There being no proof that the shift to an agency system was in any way in aid of an illegal price or sales restriction, it must be judged on its face. The Post had no legal obligation to continue any dealership once the contract period had run. In placing the agency system into effect the Post was merely creating a more integrated system of distribution for its own product, as is the right of any seller. A seller does not commit himself irrevocably to one method of distribution once commenced, and he may terminate, modify, and change his distribution system so long as his arrangements are legal. The agency system is a lawful and well-accepted means of distribution. See, e.g., United States v. Arnold, Schwinn & Co., 388 U.S. 365, 18 L. Ed. 2d 1249, 87 S. Ct. 1856 (1967). The dealers were not coerced into becoming agents, and the Post's conduct in adopting the new mode of distribution was less intrusive than that accepted by other courts. See, e.g., Knutson v. Daily Review, Inc., 548 F.2d 795, 805 (9th Cir. 1976), cert. denied, 433 U.S. 910, 97 S. Ct. 2977, 53 L. Ed. 2d 1094 (1977); McGuire v. Times Mirror Co., 405 F. Supp. 57, 64, 66 (C.D. Cal. 1975).
Furthermore, there is nothing in the facts of this case to lead the Court to believe that the agency system must be enjoined in whole or in part to dissipate the effects of the limited past violations shown. The injured plaintiff dealers will be compensated in damages, and their freedom to price for the duration of their dealer contracts will be sustained so long as they meet their responsibilities under the contract. There is neither legal precedent nor equitable reason why the Court should insist that for the indefinite future the Post should be frozen into a dealer system of distribution. See In re Multidistrict Vehicle Air Pollution, 538 F.2d 231, 234-36 (9th Cir. 1976). The Post proceeded over the years in an appropriate manner up until the Newberry incident. That violation was recent, of limited impact, and perhaps little more than a mistake in judgment or legal advice. The Post must pay the appropriate penalty. A dealer system imposed by this Court would amount to undue interference with the seller's right to fashion the manner in which he chooses to sell his own product. It is suggested that the Post has monopoly power and therefore has lost this right. But while the Post undoubtedly has power over price, this is a power gained by success, not predatory measures, and it remains free to choose between selling by employee, agent, or dealer since the choice has not been shown to constitute that "willful maintenance" of monopoly power condemned in United States v. Grinnell Corp., 384 U.S. 563, 570-71, 16 L. Ed. 2d 778, 86 S. Ct. 1698 (1966). Plaintiffs are, moreover, but a small minority of the Post's dealer organization. Insofar as this record shows, the agency arrangement is satisfactory to the bulk of the dealers, also small businessmen, who are earning a useful, profitable livelihood. A far stronger showing than that made here would be required before a court of equity would be justified in imposing the greater risks of dealer status upon this group.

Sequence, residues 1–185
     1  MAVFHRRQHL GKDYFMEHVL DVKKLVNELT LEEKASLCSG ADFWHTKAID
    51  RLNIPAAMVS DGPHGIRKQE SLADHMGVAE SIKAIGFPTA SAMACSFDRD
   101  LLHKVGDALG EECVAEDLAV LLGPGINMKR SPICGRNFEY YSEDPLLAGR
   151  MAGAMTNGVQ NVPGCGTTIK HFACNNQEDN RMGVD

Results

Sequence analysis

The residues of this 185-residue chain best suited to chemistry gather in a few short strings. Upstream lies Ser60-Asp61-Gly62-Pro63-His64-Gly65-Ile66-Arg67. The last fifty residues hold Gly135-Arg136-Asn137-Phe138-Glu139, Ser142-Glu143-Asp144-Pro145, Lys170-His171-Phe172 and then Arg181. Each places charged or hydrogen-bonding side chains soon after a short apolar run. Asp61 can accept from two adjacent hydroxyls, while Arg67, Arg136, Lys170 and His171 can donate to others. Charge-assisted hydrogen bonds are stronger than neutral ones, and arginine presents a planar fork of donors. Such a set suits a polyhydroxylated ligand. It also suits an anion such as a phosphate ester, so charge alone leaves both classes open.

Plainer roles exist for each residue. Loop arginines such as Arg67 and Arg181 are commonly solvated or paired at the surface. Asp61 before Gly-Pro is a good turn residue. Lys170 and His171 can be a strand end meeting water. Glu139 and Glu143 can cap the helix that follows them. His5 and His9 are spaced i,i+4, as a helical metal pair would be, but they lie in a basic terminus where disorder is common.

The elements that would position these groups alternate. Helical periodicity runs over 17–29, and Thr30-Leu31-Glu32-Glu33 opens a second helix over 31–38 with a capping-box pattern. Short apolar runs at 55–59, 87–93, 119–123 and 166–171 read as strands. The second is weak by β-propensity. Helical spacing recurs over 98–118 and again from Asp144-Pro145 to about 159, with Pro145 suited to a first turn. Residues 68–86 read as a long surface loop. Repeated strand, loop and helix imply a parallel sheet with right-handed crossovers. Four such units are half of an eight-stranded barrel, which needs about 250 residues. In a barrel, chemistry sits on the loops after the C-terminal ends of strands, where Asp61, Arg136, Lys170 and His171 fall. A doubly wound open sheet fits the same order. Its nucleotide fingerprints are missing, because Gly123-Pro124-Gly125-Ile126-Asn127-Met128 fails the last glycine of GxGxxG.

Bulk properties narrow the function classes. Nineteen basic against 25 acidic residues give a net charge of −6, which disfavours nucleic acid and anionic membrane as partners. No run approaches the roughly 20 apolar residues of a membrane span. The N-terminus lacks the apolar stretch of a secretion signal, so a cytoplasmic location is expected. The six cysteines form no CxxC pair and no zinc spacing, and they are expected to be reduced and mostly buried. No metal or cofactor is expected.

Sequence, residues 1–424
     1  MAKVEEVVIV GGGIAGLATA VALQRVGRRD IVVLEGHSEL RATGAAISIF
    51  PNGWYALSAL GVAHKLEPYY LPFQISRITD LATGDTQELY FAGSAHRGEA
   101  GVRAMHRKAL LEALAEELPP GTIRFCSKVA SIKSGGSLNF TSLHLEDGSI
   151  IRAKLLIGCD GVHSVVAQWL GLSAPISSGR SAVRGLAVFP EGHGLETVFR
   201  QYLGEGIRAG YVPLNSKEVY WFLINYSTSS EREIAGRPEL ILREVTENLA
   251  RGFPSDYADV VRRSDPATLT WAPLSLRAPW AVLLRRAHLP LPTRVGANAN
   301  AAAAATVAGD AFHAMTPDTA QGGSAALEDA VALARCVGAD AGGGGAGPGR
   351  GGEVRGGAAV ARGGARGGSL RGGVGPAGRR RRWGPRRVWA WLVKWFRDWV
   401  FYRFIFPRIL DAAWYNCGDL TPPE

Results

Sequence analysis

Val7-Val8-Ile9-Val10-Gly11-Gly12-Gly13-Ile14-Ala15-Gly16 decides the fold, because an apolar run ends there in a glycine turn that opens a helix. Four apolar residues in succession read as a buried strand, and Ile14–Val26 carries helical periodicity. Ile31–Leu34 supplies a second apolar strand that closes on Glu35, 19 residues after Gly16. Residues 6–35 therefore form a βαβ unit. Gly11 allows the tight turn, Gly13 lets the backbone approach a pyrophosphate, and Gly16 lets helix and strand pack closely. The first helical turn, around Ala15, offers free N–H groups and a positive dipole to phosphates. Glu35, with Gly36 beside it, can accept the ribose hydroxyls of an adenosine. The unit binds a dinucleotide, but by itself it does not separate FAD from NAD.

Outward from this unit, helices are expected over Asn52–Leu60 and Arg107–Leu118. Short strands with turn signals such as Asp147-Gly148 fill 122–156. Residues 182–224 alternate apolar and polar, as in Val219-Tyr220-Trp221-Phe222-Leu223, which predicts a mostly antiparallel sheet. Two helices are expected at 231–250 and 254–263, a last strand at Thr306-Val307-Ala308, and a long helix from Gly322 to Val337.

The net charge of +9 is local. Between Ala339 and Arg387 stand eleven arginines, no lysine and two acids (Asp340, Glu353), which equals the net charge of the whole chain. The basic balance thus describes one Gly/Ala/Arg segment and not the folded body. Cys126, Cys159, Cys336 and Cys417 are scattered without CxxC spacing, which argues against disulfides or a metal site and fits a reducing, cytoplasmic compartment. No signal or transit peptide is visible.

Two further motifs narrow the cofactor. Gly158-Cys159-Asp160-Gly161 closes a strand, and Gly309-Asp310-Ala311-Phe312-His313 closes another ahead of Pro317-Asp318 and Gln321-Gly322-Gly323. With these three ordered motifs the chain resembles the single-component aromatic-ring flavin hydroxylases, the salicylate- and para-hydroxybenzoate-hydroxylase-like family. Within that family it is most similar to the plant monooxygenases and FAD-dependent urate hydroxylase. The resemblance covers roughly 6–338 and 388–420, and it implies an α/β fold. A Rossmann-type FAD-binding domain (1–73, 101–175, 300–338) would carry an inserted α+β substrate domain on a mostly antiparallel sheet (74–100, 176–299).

Counsel are directed to confer and to present a form of judgment and decree covering the award of damages and the terms of injunction specified and dismissing other claims in accordance with the above rulings of the Court. Plaintiffs are entitled to their reasonable attorneys' fees and costs and shall submit this claim for such fees and costs within thirty days.